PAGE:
I’m told that “homely” in Ireland means (of a place or surroundings) simple but cozy and comfortable, as in one's own home. That's exactly how Ireland felt when I visited there...like home. If you have roots in Ireland, one of your desires is to find that village, that place, that home where your ancestors originated.
If you’ve been doing your research for your family in Ireland, you know it can be an uphill battle with many records lost. Perhaps your family is like mine where you know the village and even have visited the homestead. In case you think I’m bragging, my other branch has Sullivans and Cotters from Cork and Kerry with no other clues, not even the names of siblings or parents. Just like they materialized out of thin air! So where do you start?
You’ve likely heard to start with what you know and work backwards when doing family history research. We need to find those elusive clues in United States, Canadian or Australian records before we head back to Ireland. There are many books and resources available to help you search in these locations. Today we’re going to talk a bit about what is available in Ireland.
I found this resource that is well worth investigating. It’s called Tracing Your Ancestors Irish Research – a Practical Guide by Dr. Maurice Gleeson MB. This magazine is a publication from the Publishers of Your Genealogy Today, Internet Genealogy & History Magazine and was published this summer. If you go to the publisher’s site, you can order back issues including others such as the Scottish Ancestors and Germanic Ancestors.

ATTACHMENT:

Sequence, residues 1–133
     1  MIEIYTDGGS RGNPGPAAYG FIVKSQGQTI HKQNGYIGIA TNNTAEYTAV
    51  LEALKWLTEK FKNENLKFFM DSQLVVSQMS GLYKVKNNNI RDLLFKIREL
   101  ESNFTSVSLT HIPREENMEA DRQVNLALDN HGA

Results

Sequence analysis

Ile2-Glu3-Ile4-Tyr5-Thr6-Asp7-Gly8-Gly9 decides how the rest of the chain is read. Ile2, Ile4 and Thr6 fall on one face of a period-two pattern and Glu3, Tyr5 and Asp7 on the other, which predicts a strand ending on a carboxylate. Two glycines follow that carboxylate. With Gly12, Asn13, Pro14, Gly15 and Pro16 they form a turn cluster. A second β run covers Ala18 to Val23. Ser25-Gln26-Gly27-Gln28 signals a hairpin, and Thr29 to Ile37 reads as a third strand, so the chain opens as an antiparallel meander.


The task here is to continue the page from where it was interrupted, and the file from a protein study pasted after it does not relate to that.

There isn’t a magic wand to get you from America to Ireland but if you do know the location where your ancestor came from this guide is helpful, highlighting the online resources (many free) as well as noting what records exist today or are being recreated. There is a lot of information packed into those 66 pages which can be overwhelming, so I would suggest picking a topic and thoroughly understanding and researching that information.
As an example, look at land records. Griffith’s valuation in Ireland has been a valuable resource, but did you know that after the primary valuation was carried out, there were subsequent valuations? These books are referred to as the Revision Books (sometimes Cancelled Books) because the information recorded was updated as land changed hands or acreage changed. According to Gleeson, these records are available via PRONI for the six counties of Northern Ireland. (https://www.nidirect.gov.uk/information-and-services/search-archives-online/valuation-revision-books) Others can be found in the Valuation Office.
Here are a few more online resources for land records including digital images of the actual Griffith’s Valuation for several counties.
Look for ways to tell your family story as you research these records. As genealogists they could prove interesting…we learn more about our family as land was passed from father to sons or other relatives. Or perhaps your family lost their plot of land about the time they sailed to America. There are great resources to help you talk about your Irish ancestors and their old Irish home.
“May your home always be too small to hold all your friends”
With a lifelong passion for genealogy and history, the author enjoys the opportunity to share genealogy tidbits, inspiring others to research and write their family story.